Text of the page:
And, of course, just like the alcohol and tobacco industries, the marijuana industry is anxious to promote the use of marijuana. Young users can become long-term, heavy, and loyal users. It’s no surprise that edibles that look like candy and other snacks are popular with young people.
Treatment for Marijuana Addiction
Marijuana use disorder appears to be similar to other substance use disorders (SUDs) but the long-term clinical outcomes seem to be less severe. Adults seeking treatment for marijuana use disorder have, on average, used marijuana nearly every day for more than 10 years and have tried to quit more than six times.
Often, individuals with marijuana use disorders also suffer from co-occurring mental health disorders. This is called a dual diagnosis and it is especially true for adolescents. They might also use or be addicted to other substances such as alcohol or cocaine.
Studies have revealed that effectively treating the mental health disorder with standard treatments, including medications and behavioral therapies may help reduce the use of marijuana. For individuals involved with heavy use and those with more chronic mental disorders, this is particularly true.
Effective Behavioral Therapies
- Cognitive Behavioral Therapy (CBT)
CBT is a type of psychotherapy that teaches people the skills necessary to recognize and correct problematic thinking patterns and behaviors to improve their self-control, stop using drugs, and identify a range of other problems that co-occur.
- Dialectical Behavior Therapy (DBT)
DBT is a type of cognitive behavioral therapy that focuses on improving relationships and regulating emotions. It helps individuals accept themselves while still embracing behavior change.
Individual counseling provides the individual the opportunity to work one-to-one with a counselor in a confidential setting. This creates a trusting relationship and gives the person the setting to explore any reasons behind their drug use. Because marijuana addiction often co-occurs with an underlying mental issue, individual therapy sessions are a good place to delve into that possibility.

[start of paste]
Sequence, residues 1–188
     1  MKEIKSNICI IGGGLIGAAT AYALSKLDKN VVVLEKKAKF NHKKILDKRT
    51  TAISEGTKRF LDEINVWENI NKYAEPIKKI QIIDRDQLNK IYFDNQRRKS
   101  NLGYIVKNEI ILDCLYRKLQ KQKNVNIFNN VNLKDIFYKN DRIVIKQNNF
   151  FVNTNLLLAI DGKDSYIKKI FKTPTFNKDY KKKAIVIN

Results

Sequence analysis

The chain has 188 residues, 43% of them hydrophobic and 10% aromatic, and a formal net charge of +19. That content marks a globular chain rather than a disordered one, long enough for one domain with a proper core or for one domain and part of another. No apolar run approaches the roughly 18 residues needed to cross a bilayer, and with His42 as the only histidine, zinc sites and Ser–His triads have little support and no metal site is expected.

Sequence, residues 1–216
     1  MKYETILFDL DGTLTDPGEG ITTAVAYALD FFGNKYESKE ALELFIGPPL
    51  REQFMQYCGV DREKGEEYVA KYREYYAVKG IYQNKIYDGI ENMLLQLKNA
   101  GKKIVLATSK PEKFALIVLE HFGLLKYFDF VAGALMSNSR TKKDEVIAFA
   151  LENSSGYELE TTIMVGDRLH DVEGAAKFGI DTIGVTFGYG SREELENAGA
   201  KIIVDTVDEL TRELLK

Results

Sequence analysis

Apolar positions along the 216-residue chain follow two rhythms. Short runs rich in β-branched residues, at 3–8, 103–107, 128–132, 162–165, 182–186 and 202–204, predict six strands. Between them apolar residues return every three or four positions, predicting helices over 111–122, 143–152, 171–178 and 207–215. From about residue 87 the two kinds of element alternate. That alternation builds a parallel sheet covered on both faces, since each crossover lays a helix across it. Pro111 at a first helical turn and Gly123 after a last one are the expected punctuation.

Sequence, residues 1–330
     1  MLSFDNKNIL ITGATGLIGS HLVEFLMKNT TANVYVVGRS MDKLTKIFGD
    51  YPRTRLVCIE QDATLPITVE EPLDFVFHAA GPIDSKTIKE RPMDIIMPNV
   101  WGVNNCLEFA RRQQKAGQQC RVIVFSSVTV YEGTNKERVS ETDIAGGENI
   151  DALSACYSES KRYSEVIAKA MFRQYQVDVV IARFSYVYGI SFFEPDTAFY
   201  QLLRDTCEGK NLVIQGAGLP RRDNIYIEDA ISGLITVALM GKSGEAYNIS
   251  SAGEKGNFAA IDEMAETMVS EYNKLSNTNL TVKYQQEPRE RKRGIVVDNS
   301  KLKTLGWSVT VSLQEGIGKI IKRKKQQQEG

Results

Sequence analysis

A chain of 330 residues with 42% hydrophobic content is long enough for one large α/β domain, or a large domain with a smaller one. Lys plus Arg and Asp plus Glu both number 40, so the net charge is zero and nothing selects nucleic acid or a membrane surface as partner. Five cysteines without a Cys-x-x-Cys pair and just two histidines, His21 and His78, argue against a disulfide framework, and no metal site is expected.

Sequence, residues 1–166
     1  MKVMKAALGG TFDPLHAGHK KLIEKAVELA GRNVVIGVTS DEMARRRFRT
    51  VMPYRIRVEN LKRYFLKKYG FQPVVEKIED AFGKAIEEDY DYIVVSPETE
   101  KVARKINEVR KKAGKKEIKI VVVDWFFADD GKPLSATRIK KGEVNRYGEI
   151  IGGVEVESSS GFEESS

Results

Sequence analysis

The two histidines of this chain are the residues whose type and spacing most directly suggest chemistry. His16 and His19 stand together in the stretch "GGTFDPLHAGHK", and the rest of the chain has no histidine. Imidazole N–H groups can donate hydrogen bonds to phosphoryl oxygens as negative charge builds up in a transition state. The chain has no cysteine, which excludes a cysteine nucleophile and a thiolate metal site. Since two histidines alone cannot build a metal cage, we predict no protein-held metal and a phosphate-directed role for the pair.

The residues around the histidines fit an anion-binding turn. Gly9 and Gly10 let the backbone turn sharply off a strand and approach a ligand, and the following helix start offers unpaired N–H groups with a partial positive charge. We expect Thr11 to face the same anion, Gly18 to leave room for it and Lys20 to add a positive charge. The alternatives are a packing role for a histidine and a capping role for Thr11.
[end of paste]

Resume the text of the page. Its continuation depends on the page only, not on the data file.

Group counseling sessions offer the chance to discuss issues with a group of people who are experiencing the same problems. It provides different ways to approach problems and diverse ideas for handling them. Group sessions are a good source of support in marijuana rehab.
Depending on the severity and duration of the person’s addiction, there are usually several treatment program options including:
- Residential–Individuals live in the treatment facility for the duration of their treatment.
- Partial Hospitalization Program (PHP)–Individuals 5 to 7 spend full days (approx. 8 hours) at the treatment facility and return home in the evenings. This is as intense as residential without the 24-hour supervision.
- Intensive Outpatient Program (IOP)–People in this program go to sessions at the facility approximately 3 days per week for about 5 hours per day.
- Outpatient Program (OP)–Similar to IOP but with less time commitment.
Supportive Housing–Supportive housing makes it possible for people who don’t have a stable home situation to live in drug-free surroundings while attending outpatient sessions and transitioning into a more normal living environment.
Marijuana Addiction Treatment at The Owl’s Nest Recovery
Do you need help for someone you care about, or for yourself? The Owl’s Nest in South Caroline can provide a wide range of treatment options to address your needs for a successful, lifelong recovery. We are able to provide you with a team of experienced professionals whose only job is to help you succeed. Many members of our staff have also been through recovery treatment, so they are able to understand the struggles, the highs, and the lows.
Contact us today. We are happy to answer your questions about programs, insurance, and admissions. Let’s talk about what we can do for you or your loved one.